Topics: Force / Pages: 14 (2645 words) / Published: Jun 17th, 2015
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Equilibrium of a Particle
Overview
When a set of forces act on an object in such a way that the lines of action of the forces pass through a common point, the forces are described as concurrent forces. When these forces lie in the same geometric plane, the forces are also described as coplanar forces. A single
G
G equivalent force known as the resultant force FR may replace a set of concurrent forces F1 and
G
F2 , as shown. This resultant force is obtained by a process of vector addition of the original force vectors and produces the same effect as the combined effect produced by all the original forces. Conversely, a set of concurrent forces can be balanced exactly by a single force that acts at the common point of concurrence of the forces. Such a force is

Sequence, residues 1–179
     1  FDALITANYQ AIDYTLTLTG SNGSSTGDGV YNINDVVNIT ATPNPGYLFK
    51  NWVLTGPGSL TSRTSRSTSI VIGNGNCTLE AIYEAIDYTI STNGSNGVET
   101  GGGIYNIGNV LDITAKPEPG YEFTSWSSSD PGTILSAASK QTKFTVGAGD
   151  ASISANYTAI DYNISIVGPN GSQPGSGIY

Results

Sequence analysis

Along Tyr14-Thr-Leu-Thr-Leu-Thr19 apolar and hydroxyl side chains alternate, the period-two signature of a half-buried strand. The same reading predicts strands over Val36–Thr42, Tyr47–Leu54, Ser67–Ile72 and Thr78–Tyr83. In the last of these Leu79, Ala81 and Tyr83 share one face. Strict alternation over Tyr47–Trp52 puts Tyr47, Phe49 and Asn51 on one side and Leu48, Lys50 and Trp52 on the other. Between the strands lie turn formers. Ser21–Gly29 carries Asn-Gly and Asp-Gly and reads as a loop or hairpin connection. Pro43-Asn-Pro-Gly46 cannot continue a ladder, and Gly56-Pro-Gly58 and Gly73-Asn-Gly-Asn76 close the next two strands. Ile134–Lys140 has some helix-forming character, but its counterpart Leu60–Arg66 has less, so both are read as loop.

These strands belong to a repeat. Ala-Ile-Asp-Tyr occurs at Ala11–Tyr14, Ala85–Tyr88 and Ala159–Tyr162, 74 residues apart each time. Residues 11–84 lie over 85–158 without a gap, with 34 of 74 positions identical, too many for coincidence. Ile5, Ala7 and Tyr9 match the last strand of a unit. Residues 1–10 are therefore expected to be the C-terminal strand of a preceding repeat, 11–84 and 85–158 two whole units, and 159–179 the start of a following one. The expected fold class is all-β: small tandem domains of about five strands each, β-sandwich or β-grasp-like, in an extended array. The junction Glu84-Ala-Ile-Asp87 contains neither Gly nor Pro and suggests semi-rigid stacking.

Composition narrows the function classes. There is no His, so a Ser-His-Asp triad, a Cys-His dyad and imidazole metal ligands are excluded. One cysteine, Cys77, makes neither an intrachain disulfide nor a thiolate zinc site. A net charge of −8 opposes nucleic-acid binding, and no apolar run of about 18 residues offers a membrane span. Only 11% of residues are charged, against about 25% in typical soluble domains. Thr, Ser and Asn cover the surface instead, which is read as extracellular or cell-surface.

G
known as the equilibrant FE of that set of forces and it is equal in magnitude but acts in exactly opposite direction to the resultant of the set of forces. A particle is considered to be in (static) equilibrium under the action of a set of forces when the vector sum of all the forces is zero.
In this laboratory experiment, the student will be introduced to methods of addition of vectors. Using a force table, the student will determine the magnitudes and directions of applied concurrent forces, find the resultant force of a given set of vectors, investigate the relationship between the resultant force and the equilibrant force of a given set of forces, and compute the rectangular x- and y-components of known forces and their resultant force.
The force table apparatus used in this experiment has a horizontally mounted circular table and the rim of this table is calibrated in degrees, from 0° to 360°. Forces of any chosen magnitude can be applied to a central ring (placed around a central pin at the center of the circular table) at any preferred angle by means of strings passing over a pulley and attached to a